Most patients with phenylketonuria were unwilling to start treatment with Palynziq (pegvaliase-pqpz) due to concerns about its safety and the need to self-inject the medication under the skin, according to a small study in Germany.
The findings also suggest that many patients can control their blood levels of phenylalanine solely through a restricted diet without any further interventions.
The study, titled “Case-control study about the acceptance of Pegvaliase in Phenylketonuria,” was published in the journal Molecular Genetics and Metabolism Reports.
Palynziq is the first enzyme substitution therapy, developed by Biomarin, that has been approved for phenylketonuria (PKU), a genetic brain-threatening condition marked by an inability to break down the amino acid phenylalanine, one of the build blocks of proteins, from dietary protein.
The medicine was approved in 2018 to treat adults with PKU in the U.S., and more recently in May 2019 to treat patients 16 years or older in the European Union.
Palynziq is used to reduce phenylalanine levels in patients whose blood levels of phenylalanine have not been adequately controlled with other treatments.
The therapy is made of a bacterial enzyme that can break down phenylalanine, thereby preventing it from building up to toxic levels in the body and helping to relieve PKU symptoms. The enzyme is “pegylated” (attached to a chemical called PEG), which enables it to remain active in the body for longer.
As this enzyme is isolated from bacteria, it can provoke adverse immune reactions in patients, who develop antibodies against PEG or the bacterial enzyme. For this reason, the treatment reportedly can lead to side effects in up to 90% of patients.
“A trained observer must be present for an hour after every injection,” the study noted. “Thus, the selection of the right patient for a potential harmful treatment is essential for patient’s contentedness and long-term therapy compliance.”
Moreover, the medicine is delivered via pre-filled syringes to be injected under the skin (subcutaneously), which may also be inconvenient.
Given these potential shortfalls, Johannes Krämer, a researcher at the Children’s Hospital, University of Ulm, in Germany, conducted a study to assess acceptance of Palynziq among patients.
He selected 45 PKU patients referred to the hospital, who were eligible to receive Palynziq, and invited each to undergo a routine examination and an informal conversation about new treatment options, including Palynziq.
Twenty-six of these patients agreed to receive this information, and their clinical data and plasma phenylalanine blood levels were measured.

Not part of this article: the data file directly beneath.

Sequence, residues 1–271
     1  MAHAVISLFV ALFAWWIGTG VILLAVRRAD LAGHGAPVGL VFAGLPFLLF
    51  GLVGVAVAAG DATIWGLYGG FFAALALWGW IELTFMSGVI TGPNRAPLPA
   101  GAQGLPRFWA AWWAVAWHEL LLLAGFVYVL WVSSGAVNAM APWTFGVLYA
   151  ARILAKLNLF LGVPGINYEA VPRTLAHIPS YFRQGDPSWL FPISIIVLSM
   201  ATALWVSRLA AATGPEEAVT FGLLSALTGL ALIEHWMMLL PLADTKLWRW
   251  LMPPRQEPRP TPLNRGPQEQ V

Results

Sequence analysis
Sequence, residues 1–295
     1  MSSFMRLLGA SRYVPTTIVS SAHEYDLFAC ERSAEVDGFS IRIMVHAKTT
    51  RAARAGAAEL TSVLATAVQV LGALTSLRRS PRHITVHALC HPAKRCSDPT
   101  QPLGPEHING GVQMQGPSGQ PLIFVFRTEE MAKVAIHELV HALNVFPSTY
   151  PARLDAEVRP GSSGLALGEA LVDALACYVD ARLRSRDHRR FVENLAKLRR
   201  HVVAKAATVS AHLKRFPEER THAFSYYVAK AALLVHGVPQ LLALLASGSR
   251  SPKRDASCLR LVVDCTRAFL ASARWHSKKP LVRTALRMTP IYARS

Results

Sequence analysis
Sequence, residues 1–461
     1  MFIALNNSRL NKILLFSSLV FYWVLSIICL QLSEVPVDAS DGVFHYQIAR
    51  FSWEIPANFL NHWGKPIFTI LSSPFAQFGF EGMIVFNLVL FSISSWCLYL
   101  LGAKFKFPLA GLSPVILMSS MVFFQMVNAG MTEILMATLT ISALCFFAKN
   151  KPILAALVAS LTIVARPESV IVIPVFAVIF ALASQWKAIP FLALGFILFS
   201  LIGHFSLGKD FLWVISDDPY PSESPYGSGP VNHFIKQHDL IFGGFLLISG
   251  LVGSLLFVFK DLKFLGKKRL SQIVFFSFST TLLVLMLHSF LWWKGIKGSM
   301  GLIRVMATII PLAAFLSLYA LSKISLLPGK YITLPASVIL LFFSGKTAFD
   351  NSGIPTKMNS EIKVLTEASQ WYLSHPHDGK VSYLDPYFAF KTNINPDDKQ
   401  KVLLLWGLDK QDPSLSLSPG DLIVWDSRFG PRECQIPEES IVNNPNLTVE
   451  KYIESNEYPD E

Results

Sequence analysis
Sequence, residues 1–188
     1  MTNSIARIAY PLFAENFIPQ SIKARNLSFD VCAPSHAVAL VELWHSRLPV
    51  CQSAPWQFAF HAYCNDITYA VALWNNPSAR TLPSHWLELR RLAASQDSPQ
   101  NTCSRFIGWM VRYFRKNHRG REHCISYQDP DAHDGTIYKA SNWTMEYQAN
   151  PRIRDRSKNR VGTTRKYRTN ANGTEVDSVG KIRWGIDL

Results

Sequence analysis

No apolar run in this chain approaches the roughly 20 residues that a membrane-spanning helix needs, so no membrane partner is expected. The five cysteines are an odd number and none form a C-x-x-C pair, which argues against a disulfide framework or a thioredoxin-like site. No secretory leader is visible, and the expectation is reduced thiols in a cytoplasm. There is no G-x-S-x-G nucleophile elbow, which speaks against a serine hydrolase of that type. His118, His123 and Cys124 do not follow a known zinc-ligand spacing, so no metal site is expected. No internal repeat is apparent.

Within this group, 12 patients (46%) were females, and 23 (89%) patients said they were sticking to a phenylalanine-restricted diet.
Patients had four weeks to decide if they were willing to start Palynziq.
Seven patients (27%) agreed to start the treatment while 19 (73%) declined. The main reasons cited for rejecting the therapy were fear of adverse effects (47%), no need for additional treatment (26%), and the requirement to inject the medication (21%). One patient refused for personal reasons.
Before treatment, phenylalanine levels in the group that agreed to start Palynziq were higher (about 1180 μmol/l) compared to the group who declined the treatment (about 930 μmol/l).
Of note, after four weeks, patients on Palynziq had stable levels of phenylalanine (1264 μmol/l compared with 1180 μmol/l at the beginning of the study), while patients who did not take the medicine experienced a significant reduction in those levels (930 μmol/l vs. 779 μmol/l at baseline) without any interventions besides a restricted diet.
“PKU patients have reservations against an invasive subcutaneous treatment for their disease. This is mainly caused by the form of application by syringe and the potential harmful side effects. Only less than one-third of the patients in our cohort are willing to start treatment,” Krämer stated.
Contrary to a recent study showing that patients with PKU are willing to accept the risks of hypersensitivity reactions to optimize their treatment, “we could clearly show the patients reservation against the invasive treatment of their disorder,” the researcher said.
One aspect is the different management of PKU in Europe for the last decade, which permitted looser thresholds for phenylalanine levels of about 1200 μmol/l, according to the study.
“Most PKU patients seem to have untapped potential for self-contained reduction of Phe [phenylalanine] levels only by being focused on their diet,” the study added. “Therefore, regular professional nutritional advice, even in adult patients with supposed high knowledge in Phe-restricted diet, is sufficient to significantly reduce Phe-levels within short periods of time.”
We are sorry that this post was not useful for you!
Let us improve this post!
Tell us how we can improve this post?